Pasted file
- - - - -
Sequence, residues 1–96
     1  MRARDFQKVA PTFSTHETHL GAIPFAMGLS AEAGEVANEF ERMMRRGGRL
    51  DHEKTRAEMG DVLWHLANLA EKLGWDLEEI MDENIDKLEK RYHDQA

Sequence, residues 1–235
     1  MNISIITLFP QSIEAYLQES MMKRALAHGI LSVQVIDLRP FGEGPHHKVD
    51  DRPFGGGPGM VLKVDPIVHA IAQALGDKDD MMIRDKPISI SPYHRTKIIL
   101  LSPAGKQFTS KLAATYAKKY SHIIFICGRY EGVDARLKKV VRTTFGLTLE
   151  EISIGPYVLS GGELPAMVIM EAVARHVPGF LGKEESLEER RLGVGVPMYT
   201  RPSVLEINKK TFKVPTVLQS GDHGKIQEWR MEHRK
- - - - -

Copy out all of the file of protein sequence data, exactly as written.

Sequence, residues 1–96
     1  MRARDFQKVA PTFSTHETHL GAIPFAMGLS AEAGEVANEF ERMMRRGGRL
    51  DHEKTRAEMG DVLWHLANLA EKLGWDLEEI MDENIDKLEK RYHDQA

Sequence, residues 1–235
     1  MNISIITLFP QSIEAYLQES MMKRALAHGI LSVQVIDLRP FGEGPHHKVD
    51  DRPFGGGPGM VLKVDPIVHA IAQALGDKDD MMIRDKPISI SPYHRTKIIL
   101  LSPAGKQFTS KLAATYAKKY SHIIFICGRY EGVDARLKKV VRTTFGLTLE
   151  EISIGPYVLS GGELPAMVIM EAVARHVPGF LGKEESLEER RLGVGVPMYT
   201  RPSVLEINKK TFKVPTVLQS GDHGKIQEWR MEHRK